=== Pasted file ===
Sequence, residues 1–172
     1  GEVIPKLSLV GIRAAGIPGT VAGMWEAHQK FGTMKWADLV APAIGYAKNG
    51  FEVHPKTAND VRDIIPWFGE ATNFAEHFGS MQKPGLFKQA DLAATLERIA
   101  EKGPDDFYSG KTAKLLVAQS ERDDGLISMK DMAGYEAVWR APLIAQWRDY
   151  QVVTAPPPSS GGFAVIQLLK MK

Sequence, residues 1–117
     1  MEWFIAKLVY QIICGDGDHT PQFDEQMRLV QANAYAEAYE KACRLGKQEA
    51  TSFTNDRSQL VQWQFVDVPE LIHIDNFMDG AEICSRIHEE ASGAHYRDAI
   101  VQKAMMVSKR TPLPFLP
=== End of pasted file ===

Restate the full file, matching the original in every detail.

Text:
Sequence, residues 1–172
     1  GEVIPKLSLV GIRAAGIPGT VAGMWEAHQK FGTMKWADLV APAIGYAKNG
    51  FEVHPKTAND VRDIIPWFGE ATNFAEHFGS MQKPGLFKQA DLAATLERIA
   101  EKGPDDFYSG KTAKLLVAQS ERDDGLISMK DMAGYEAVWR APLIAQWRDY
   151  QVVTAPPPSS GGFAVIQLLK MK

Sequence, residues 1–117
     1  MEWFIAKLVY QIICGDGDHT PQFDEQMRLV QANAYAEAYE KACRLGKQEA
    51  TSFTNDRSQL VQWQFVDVPE LIHIDNFMDG AEICSRIHEE ASGAHYRDAI
   101  VQKAMMVSKR TPLPFLP